"Son of Chavez," Nicolás Maduro. Photo via Crhoy.

Outdoing reigning champion Donald Trump in the verbal vitriol game, Venezuelan President Nicolás Maduro, has called President Macri a “fake”, a “thief” and a “bandit”, who won the 2015 election fraudulently and is rejected by “80%” of his people.

“Pay attention to how that fake and thief Mauricio Macri won, manipulating. How does he remain standing with only 20% support? According to surveys, there is 80% rejection of the thief Macri, that bandit Macri. We’ve been here for 18 years and have a solid popular base of support. He’s been in government barely more than a year and he’s already on his way out,” said Maduro to members of the United Socialist Party of Venezuela (PSUV), according to Agencia EFE.

The fulminatory remarks were prompted by comments Macri made to Spanish media outlet El Pais last week. “Enough with euphemisms – Venezuela is not a democratic country,” said Macri, employing some of the strongest language yet in relation to Maduro’s administration.

Not friends
Not friends


In the interview, delivered before a trip to Spain, he also offered to “help” Venezuela recover from its economic travails, which he compared to what Argentina had experienced under the Presidency of CFK. “I know how the Venezuelan people are suffering…We will help them come out of his social, political and economic crisis where we can.”

The response of Foreign Minister Delcy Rodríguez was swift and punishing.

“Venezuela repudiates President Macri for his inappropriate attacks against the Venezuelan State,” she said in a twitterstorm last Friday. Going eye for an eye, she went on to call Macri a “failure rejected by his people,” who had “impoverishe[d]” his nation in “record time”. “Venezuela will never listen to the voices of the enemies of the Patria Grande,” concluded Rodriguez, who maintained the fire over the weekend, retweeting most of Cristina Kirchner’s barbs against Macri during last Friday’s press conference, as well as retweeting birthday wishes for Argentina’s former President.


Tensions between Macri and Maduro started brewing almost as soon as Macri – an avowed economic liberalist with a business-friendly outlook- entered office in December of 2015. At a Davos Press Conference in Switzerland in January 2015, Macri said that Venezuela “had distanced itself from human rights.”  Maduro retorted by calling Macri an “oligarch” and warning him not to “mess with Venezuela,” according to La Nacion.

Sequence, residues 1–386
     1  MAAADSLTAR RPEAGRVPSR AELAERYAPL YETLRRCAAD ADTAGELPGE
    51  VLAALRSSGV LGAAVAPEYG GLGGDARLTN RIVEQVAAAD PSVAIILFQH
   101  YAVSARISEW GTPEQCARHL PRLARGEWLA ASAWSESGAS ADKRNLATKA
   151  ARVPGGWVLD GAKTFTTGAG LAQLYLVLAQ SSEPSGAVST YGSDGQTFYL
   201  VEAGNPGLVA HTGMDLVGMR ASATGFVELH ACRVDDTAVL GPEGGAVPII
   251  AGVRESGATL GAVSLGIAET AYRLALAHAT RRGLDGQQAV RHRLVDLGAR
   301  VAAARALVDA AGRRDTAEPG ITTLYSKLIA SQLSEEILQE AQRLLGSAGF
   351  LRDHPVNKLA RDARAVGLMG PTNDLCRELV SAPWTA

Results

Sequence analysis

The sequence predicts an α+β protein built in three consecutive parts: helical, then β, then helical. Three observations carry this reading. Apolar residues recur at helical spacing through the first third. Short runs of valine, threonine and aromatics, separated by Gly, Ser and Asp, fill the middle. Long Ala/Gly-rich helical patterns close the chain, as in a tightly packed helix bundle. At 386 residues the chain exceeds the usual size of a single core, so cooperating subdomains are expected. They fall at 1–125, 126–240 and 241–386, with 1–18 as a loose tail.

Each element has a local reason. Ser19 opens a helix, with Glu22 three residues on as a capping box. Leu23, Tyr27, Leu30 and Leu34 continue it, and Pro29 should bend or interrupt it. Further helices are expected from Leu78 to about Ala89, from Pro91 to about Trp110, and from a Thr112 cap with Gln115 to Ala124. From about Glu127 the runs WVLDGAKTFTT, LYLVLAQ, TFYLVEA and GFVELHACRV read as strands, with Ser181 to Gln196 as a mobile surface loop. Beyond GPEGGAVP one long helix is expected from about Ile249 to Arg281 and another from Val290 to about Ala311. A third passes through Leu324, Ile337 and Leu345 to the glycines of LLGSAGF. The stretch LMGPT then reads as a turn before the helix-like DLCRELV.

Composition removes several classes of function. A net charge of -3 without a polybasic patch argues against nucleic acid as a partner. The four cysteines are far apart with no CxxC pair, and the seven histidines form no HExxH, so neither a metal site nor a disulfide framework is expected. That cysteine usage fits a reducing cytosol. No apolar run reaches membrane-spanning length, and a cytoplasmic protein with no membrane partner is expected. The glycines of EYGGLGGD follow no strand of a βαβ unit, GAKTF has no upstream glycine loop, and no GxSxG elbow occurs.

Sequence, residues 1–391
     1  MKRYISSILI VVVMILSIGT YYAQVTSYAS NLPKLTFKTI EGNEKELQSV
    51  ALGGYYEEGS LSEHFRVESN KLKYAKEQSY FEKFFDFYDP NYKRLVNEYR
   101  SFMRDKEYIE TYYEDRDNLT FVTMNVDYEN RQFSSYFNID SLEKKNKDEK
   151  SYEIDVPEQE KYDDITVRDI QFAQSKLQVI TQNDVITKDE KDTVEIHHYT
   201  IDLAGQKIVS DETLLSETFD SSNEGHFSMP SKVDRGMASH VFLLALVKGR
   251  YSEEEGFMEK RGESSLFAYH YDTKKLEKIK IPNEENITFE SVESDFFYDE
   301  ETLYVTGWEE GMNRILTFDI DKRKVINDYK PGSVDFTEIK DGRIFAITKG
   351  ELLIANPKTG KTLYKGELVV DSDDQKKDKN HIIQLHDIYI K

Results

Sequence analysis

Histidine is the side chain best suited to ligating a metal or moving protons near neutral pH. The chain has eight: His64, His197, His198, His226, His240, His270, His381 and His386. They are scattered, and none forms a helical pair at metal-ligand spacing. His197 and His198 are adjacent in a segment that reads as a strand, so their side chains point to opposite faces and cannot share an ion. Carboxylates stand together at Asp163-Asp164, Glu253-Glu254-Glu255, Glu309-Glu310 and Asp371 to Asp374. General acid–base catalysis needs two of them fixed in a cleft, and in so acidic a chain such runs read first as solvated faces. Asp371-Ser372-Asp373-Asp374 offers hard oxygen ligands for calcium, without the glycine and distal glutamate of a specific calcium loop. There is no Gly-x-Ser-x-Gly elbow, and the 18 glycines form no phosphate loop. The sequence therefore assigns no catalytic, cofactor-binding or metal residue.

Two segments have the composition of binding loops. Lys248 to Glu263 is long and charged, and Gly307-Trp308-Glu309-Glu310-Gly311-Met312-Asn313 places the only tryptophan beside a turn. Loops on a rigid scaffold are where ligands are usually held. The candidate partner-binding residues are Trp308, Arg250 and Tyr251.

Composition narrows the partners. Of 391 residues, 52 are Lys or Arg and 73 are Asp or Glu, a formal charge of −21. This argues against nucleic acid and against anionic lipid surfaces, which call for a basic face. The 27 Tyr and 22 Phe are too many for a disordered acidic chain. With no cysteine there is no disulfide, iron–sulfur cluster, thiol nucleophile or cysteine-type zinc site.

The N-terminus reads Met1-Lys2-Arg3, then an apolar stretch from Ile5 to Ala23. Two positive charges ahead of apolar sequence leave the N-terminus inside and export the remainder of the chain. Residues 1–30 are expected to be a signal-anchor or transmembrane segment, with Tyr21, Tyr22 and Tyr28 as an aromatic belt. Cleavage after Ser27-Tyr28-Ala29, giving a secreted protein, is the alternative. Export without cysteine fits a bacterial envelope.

Then in December of 2016, Macri, alongside Paraguay and Brazil, pushed to have Venezuela suspended from the Mercosur trading bloc.

Maduro described this action as a “coup” and Foreign Minister Delcy Rodríguez refused to recognize it – last December, she famously forced her way into a meeting between Mercosur members in Buenos Aires that she was not invited to.

Delcy Rodríguez arrives unannounced at Mercosur meeting in Buenos Aires. Photo Credit: AFP.
Delcy Rodríguez arrives unannounced at Mercosur meeting in Buenos Aires. Photo Credit: AFP.


What happens with the suspension remains to be seen. Today, the Parlasur General Committee resolved to reject the suspension of Venezuela, according to a statement issued by the Parlasur. That decision will now be reviewed by Mercosur’s Permanent Review Tribunal.

Macri’s stronger language in regards to Venezuela may have to do with his attempt to take on a more global role after President Trump made clear that the United States will be closing its borders. In the press conference with  El Pais, Macri, who has already travelled to Chile and Brazil this year in an attempt to foster greater links between the two big regional trading blocs of the region – the Mercosur and the Pacific Alliance – said that “we have a very open attitude and want to build bridges with as many countries as possible.”

But his comments have also been prompted by what the Guardian described as the fact that Venezuala is country “…standing on the edge of an economic and humanitarian abyss.”

Foreign Affairs magazine recently described Maduros’ government as a “full on dictatorship,” after it refused the opposition’s request for a referendum that would allow a popular vote of confidence on Maduro’s presidency. The Supreme Court’s decision to uphold a fourteen-year prison sentence against political opposition leader, Leopoldo Luganes, has many claiming the judiciary is no longer independent, instead controlled by Maduro’s government. Meanwhile, daily life is, from all reports, difficult: Venezuela has one of the highest murder rates in the region, and recent reports have suggested that food shortages and skyrocketing inflation are causing Venezuelans to receive subpar nutrition.

However, if you check out Maduro or Rodríguez’s twitter account, the reality in Venezuela is different from what the “sepoys”, “oligarchs” and “enemies of the Patria Grande” claim. Maduro claims he is “constructing the Patria with revolutionary efficiency” and that the country can solve its own problem, without “interference” from foreign powers.